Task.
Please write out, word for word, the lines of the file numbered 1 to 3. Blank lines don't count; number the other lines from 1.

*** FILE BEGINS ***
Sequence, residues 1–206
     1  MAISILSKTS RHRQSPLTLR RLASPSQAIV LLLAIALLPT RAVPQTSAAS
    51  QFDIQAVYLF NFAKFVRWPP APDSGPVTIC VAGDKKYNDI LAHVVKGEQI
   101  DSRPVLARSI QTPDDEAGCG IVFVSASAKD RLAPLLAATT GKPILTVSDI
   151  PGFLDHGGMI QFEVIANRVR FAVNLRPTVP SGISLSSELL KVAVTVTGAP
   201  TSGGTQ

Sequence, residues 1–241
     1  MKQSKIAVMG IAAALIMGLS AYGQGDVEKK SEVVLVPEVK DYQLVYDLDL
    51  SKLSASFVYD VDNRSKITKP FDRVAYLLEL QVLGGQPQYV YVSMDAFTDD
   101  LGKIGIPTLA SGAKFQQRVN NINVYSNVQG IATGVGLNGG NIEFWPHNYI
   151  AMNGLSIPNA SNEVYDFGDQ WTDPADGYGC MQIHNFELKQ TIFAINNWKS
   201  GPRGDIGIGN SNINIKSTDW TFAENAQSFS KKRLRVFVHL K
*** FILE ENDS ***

Sequence, residues 1–206
     1  MAISILSKTS RHRQSPLTLR RLASPSQAIV LLLAIALLPT RAVPQTSAAS
    51  QFDIQAVYLF NFAKFVRWPP APDSGPVTIC VAGDKKYNDI LAHVVKGEQI